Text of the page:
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Tuesday, 11 February 2014

Avoid Credit Card Frauds


Credit Cards are a convenient payment method, although they do carry risks. Fraud with the use of stolen credit cards is committed for the purpose of obtaining goods without paying, to obtain unauthorized funds from a bank account or to sell stolen information further. Credit and charge card fraud costs cardholders and issuers hundreds of millions of dollars each year. While theft is the most obvious form of credit and charge card fraud, it is not the only way fraud occurs. A more subtle form of fraud is misappropriation. The use of your card number (not the card itself) without your permission. Misappropriation may occur in a variety of ways. Examples are:

A phone caller says that you need only provide your card number and its expiration date to qualify for a special discount vacation
A thief rifles through trash to find discarded receipts or carbons to use the card numbers illegally
A dishonest clerk makes an extra imprint from your credit or charge card for his or her personal use
Fraudulent credit card information or credit cards themselves are usually obtained through:

Fake Web Sites
Theft
Pick Pocketing
Phishing
Credit Card Swapping at ATM Machines
Skimming
By being aware of the risks involved, knowing the types of credit card fraud and by following below guidelines you can protect yourself from credit card fraud:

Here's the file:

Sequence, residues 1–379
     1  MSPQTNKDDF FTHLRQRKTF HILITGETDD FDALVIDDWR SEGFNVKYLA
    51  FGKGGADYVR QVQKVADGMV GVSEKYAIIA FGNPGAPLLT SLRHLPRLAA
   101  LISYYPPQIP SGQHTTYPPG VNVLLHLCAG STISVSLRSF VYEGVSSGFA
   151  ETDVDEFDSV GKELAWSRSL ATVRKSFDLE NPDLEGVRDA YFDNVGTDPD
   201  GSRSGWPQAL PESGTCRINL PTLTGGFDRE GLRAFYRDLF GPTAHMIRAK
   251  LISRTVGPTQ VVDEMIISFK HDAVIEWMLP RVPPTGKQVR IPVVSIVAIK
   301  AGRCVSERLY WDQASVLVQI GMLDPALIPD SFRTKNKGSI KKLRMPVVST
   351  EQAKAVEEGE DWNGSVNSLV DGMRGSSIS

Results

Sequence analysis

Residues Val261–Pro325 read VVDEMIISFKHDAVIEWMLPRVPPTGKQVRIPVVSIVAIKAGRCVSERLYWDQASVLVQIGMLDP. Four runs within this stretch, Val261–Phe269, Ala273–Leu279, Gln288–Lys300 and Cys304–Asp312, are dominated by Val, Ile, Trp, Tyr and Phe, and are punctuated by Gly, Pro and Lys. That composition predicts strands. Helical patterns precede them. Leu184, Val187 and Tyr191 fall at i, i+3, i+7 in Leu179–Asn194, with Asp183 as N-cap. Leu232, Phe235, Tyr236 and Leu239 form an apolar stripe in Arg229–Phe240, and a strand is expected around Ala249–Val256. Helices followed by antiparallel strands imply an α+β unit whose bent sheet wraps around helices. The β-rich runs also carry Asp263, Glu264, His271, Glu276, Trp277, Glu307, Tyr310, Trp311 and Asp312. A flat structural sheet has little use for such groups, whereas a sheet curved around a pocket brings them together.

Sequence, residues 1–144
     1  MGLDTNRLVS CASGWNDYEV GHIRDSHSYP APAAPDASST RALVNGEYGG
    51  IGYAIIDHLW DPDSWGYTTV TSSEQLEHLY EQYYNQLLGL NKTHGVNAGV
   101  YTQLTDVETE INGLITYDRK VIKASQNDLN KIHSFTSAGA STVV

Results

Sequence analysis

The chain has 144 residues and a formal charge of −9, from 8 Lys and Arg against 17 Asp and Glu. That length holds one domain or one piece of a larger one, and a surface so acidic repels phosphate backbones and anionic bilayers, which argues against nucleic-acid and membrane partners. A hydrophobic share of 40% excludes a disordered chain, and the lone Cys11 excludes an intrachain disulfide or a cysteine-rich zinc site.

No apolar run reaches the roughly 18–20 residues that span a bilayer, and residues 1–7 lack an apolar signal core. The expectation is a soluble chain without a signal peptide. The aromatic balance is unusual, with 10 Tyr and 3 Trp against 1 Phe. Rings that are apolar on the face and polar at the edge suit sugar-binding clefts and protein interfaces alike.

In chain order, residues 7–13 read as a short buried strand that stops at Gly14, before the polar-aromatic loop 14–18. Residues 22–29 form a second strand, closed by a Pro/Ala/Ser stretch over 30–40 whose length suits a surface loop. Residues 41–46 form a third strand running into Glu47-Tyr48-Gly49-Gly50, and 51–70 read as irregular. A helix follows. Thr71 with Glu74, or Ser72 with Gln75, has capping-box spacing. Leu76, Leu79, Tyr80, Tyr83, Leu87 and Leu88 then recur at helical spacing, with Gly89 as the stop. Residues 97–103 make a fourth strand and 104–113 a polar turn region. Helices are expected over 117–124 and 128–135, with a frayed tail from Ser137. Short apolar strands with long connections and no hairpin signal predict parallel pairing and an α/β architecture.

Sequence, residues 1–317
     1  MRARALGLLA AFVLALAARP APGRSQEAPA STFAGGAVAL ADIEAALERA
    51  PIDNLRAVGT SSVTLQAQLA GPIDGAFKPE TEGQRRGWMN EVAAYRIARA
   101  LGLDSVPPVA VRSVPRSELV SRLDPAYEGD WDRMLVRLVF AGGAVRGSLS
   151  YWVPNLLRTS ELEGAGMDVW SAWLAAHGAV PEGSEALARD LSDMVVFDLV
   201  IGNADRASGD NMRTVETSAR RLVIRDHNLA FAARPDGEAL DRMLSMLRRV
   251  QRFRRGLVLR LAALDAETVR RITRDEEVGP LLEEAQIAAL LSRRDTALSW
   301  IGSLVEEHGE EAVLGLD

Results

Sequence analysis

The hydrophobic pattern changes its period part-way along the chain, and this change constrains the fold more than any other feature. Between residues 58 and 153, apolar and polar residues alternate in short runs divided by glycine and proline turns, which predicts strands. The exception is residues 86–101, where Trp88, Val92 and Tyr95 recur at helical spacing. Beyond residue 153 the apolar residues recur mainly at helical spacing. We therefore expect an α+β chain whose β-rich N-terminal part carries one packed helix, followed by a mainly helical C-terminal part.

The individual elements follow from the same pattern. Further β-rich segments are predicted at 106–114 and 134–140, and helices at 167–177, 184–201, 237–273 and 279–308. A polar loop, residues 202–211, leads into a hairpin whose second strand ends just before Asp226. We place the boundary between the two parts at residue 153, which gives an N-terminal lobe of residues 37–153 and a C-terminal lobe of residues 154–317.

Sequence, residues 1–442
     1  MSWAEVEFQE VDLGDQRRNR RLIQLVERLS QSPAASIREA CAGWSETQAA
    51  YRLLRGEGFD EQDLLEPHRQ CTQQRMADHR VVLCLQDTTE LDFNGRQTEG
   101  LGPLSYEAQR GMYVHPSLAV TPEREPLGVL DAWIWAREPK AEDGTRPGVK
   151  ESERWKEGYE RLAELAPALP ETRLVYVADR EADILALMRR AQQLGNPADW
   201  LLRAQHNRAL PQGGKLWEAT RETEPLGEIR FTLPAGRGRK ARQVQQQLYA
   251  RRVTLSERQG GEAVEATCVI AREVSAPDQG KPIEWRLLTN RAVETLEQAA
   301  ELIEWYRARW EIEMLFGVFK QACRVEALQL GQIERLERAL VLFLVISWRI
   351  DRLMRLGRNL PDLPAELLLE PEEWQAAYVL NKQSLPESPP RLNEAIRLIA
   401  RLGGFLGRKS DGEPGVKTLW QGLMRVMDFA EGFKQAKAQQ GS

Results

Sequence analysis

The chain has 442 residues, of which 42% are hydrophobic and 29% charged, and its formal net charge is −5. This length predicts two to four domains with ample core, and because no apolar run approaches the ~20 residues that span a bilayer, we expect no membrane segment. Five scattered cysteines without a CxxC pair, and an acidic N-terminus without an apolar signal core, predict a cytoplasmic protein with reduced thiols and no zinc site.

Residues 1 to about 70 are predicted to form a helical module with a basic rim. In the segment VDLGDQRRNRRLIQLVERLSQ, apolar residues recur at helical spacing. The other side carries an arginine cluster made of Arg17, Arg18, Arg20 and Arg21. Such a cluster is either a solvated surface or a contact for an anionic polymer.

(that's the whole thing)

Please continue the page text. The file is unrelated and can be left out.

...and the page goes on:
Destroy your expired cards

Immediately sign new cards

Don’t keep your PIN in your wallet

Treat credit cards as if they were real money

Lost or stolen cards should be reported immediately

Be cautious when giving information to websites or unknown individuals

Verify transactions on your statement with your receipts

Keep an eye on the credit card when making transactions in shops
Don’t sign a blank credit card receipt

Don’t borrow your cards – if a friend wants to buy something on the internet and needs a credit card, be with him when doing a transaction or you do the transaction for him (he might become a victim of credit card fraud, due to lack of knowledge).

It doesn't matter whether or not their website is encrypted. Encryption means that your data is secure between your computer and the merchant, not between your computer and the credit card processor. The merchant will have your card number regardless.If you’re buying from an unfamiliar or likely untrustworthy store, consider using a temporary/virtual card number that card companies like Citibank provide.

FIDA HUSSAIN

I am Fida Hussain,a computer student from Pakistan. Right from the day one I was introduced to computers,I had a passion for Hacking and Information security. So,I started this blog in 2012 to share my views and ideas with the world.

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